This was not a good week for Donald Trump. His 9/11 story evoked significant criticism not just from other candidates but also from the wider conservative audience, which is angry he is blaming President George W. Bush for the al-Qaida attack that was allowed to develop during the Clinton years.
Then (whether there is causality is unknowable) there are two near-identical Iowa polls showing Ben Carson at 28 percent, crushing Trump (who falls to 20 and 19, respectively, in the Quinnipiac poll and the highly reliable Des Moines Register/Bloomberg poll.) That is the first significant sign that the Trump balloon is losing air.
The Post also reports: "A super PAC with ties to Donald Trump's presidential campaign is shutting down in an effort to put an end to building questions about the closeness of the two operations, the group's lead consultant said Thursday."
And let's not forget the errant retweet insulting Iowans ("Too much #Monsanto in the #corn creates issues in the brain?"), which Trump blamed on an intern.
It sure looks like amateur hour from a team that has no experience running a presidential campaign. Apparently, in his first political organizing task – putting in place a competent team and abiding by legal requirements – Trump failed. It makes you wonder: Who are all these smart people he knows whom he is going to put in high government posts?
It is too soon to tell whether this is the beginning of the end of Trump. But it surely is the end of a beginning in which Trump dominated the race, the polls and the media and projected an aura of strength (in comparison with all those "losers" and "stupid" people). An amateur presidential campaign with a know-nothing candidate can survive for a few months, but the show has a limited shelf life.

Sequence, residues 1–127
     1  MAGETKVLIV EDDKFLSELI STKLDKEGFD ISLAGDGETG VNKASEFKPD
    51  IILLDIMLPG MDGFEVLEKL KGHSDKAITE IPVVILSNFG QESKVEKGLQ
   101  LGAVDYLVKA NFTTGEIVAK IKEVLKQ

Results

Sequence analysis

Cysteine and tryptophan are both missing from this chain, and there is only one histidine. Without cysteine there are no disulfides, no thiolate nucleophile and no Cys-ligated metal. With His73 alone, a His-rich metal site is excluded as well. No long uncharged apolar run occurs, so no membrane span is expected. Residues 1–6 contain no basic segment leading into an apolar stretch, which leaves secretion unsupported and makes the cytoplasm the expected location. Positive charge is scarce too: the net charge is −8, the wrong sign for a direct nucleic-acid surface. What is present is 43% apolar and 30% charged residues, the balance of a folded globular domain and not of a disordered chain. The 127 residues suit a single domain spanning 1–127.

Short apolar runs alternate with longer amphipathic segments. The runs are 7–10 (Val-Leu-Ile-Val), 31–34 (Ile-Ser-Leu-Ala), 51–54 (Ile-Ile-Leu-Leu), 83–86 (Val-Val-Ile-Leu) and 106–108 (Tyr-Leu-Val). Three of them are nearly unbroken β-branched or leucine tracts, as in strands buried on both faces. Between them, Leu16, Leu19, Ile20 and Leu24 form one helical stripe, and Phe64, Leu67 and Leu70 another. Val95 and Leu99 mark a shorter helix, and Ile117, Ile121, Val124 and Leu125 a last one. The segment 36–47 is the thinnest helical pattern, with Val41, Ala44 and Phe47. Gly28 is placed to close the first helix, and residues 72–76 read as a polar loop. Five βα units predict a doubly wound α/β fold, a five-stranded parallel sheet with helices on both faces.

More interesting questions now arise than "Will Trump be the nominee?" (No, unless Republicans collectively have lost their mind, a possibility that can never be entirely eliminated.)
The first issue is whether in the absence of a viable super PAC Trump will be willing to use a lot more of his own money. Deprived of nonstop free media coverage, he may have to shell out millions more to buy ads and conduct ordinary campaign operations. It is one thing to chip in $1 million or so; it is quite another to spend tens of millions.
The most intriguing issue is how long Trump stays around if he is losing. As he said earlier in the month, "If (polls) changed, and that went in a different direction and if I thought that I wasn't going to win, like there are numerous people running, they're not going to win, okay? I would certainly want to get out." It is not clear if he was speaking about a particular state or the race as a whole.
The Trump shtick works only if he is a winner. This might suggest he would leave the race before losing a state and destroying the aura. Alternatively, it might mean he'd stay in but get out soon if he does not win one of the first few primaries. It is hard to imagine him trudging from state to state in March, spending boatloads of money to compete in winner-take-all states if he is not winning races.
When Trump does get out, it is far from clear where his supporters go. Many are non-caucus and non-primary voters, so they simply disappear altogether. Sen. Ted Cruz, R-Texas, wants to lay claim to them, but he is ultraconservative, and many Trump supporters are moderate or even liberal Republicans.
His supporters love a winner, so they may go to whichever candidate is leading at the moment or looks like the eventual winner. As these things go, however, a candidate's support does not go all to one opponent.
Trump supporters and even some in the mainstream media have begun asserting that it is possible to see Trump as the nominee. Now, we would argue, it is easier to see him getting out.
Jennifer Rubin blogs for The Washington Post from a conservative perspective at washingtonpost.com/blogs/right-turn.